The Drinking Well
Stokoe Code: A107
Publisher: Faber and Faber
Date: February 1947
THE | DRINKING WELL | by | NEIL M. GUNN | [space] | FABER AND FABER LTD | 24 Russell Square | London
[A] (8), B - I (16), No J, K - P (16), 232 leaves.
p.  THE DRINKING WELL; p.  By the same author; p.  Title page; p.  [ital] Publisher's and Printer's notices: First published in MCMXLVI; p.  Contents; p.  To My | OLD FRIEND IAN | and the sheep farm on the Grampians, | not forgetting the little black diary; p.  PART 1 | AT HOME; p.  blank; pp. 9 - 464 Text.
5" x 7 1/2". Bound in green cloth, spine stamped in Gold: THE | DRINKING | WELL | BY | NEIL M. | GUNN | [space] | FABER
G.W. Stewart | New York | 1947
Souvenir Press | London | 1978
An extract entitled " A Dream of Edinburgh", comprising chapter fifteen of part two of the novel (with slight alterations) had appeared in: The Scots Magazine | Dundee | August 1946 | pp. 343 - 348.
The novel was dramatised for radio and broadcast 3rd. December 1956.
An extract entitled "Poaching", comprising part of p. 57, pp. 58 - 59 and part of p. 60 appeared in: Scotland: An Anthology | Maurice Lindsay, ed. | Robert Hale | November 1974 | pp. 374 - 377.
An extract comprising part of p. 187 appeared in: Glimpses of Gunn | Ann Yule and Alan Haldane | Neil M. Gunn Memorial Trust | Dingwall | 1990 | p. 20.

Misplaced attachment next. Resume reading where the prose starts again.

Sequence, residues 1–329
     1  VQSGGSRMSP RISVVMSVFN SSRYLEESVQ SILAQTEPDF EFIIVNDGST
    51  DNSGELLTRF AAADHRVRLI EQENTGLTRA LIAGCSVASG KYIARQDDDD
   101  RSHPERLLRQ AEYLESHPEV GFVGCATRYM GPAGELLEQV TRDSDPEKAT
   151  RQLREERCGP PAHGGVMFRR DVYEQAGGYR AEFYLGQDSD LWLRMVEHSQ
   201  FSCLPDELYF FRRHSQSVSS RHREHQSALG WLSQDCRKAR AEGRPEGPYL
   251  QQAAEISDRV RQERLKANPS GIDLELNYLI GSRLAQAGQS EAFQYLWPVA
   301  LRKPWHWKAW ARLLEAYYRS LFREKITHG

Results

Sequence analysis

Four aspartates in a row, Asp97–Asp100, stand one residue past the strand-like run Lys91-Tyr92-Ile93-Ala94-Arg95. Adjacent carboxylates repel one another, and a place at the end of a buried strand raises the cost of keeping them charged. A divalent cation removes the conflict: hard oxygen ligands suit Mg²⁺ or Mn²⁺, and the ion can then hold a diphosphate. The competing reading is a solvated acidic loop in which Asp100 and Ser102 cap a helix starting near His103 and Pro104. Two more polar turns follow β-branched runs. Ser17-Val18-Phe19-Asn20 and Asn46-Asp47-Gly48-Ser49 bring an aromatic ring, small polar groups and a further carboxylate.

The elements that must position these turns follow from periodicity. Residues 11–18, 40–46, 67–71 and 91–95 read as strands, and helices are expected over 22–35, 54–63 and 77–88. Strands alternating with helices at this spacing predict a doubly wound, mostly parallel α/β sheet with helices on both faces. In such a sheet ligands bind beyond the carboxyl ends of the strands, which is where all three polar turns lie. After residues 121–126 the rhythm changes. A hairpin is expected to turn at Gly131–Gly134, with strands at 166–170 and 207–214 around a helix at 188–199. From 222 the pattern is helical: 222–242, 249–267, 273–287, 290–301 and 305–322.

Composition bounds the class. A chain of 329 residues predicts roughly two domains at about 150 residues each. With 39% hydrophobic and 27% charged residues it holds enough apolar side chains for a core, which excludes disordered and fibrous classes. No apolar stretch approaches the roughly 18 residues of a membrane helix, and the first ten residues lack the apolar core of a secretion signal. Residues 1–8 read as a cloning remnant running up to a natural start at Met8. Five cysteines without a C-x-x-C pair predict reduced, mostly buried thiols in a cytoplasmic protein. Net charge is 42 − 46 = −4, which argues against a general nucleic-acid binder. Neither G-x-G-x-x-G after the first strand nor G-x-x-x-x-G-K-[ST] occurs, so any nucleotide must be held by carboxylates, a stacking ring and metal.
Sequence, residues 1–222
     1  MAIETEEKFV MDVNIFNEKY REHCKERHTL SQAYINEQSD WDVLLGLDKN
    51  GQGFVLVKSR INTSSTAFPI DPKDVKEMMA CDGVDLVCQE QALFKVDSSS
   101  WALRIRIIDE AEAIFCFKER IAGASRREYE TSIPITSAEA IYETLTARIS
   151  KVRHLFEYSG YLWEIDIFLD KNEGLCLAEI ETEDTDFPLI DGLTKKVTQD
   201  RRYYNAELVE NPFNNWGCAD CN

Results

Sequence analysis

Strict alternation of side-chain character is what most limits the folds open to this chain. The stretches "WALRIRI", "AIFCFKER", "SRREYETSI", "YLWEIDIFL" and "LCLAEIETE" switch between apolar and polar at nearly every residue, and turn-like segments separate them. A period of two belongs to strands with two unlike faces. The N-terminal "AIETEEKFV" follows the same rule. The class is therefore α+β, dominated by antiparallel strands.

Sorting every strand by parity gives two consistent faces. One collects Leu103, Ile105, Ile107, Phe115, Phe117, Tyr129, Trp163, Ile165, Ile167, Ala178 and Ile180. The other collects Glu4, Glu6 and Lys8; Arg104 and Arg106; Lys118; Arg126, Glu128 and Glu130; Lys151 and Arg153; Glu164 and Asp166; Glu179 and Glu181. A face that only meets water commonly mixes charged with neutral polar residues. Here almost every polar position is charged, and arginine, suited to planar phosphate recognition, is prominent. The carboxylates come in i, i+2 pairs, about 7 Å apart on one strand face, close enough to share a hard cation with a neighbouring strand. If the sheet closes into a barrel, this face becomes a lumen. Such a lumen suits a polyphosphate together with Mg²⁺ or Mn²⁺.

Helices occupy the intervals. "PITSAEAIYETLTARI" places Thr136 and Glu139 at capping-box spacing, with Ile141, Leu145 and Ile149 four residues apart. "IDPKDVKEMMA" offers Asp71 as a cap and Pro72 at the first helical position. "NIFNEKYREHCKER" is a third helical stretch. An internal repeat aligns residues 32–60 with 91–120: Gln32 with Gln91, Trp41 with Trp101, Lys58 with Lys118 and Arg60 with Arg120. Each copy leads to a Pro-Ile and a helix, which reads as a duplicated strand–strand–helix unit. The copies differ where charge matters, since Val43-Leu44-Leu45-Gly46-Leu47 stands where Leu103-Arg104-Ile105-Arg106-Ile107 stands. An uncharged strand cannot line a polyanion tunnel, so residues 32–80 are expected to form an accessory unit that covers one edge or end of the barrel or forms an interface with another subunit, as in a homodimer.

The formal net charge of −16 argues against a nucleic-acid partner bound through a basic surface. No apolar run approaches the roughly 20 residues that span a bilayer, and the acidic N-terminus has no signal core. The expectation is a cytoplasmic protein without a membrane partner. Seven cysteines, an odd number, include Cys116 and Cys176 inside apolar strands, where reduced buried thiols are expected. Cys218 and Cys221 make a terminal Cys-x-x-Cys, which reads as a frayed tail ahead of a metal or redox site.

Birlinn | Edinburgh | 2006
Whilst the work bears the imprint 1946, according to Faber, it was not published until 21st. February 1947. Some copies of the first edition are known to have been mis-bound with two "M" sections and no "N" section. Iain Cattenach, the hero, first appeared in "The Man Who Came Back ( Study for a one-act play)" in: The Scots Magazine | Dundee | March 1928 | pp. 419 - 429.
The play for which the above was a study was: Back Home | W. Wilson | Glasgow | 1932. The story explores, in much greater detail, the ideas first expressed in the above works, and shows effectively the contrasts between urban and rural life. The rural setting is a large sheep farm between Newtonmore and Dalwhinnie in the Grampians which, as can be seen from the dedication, was well known to Gunn.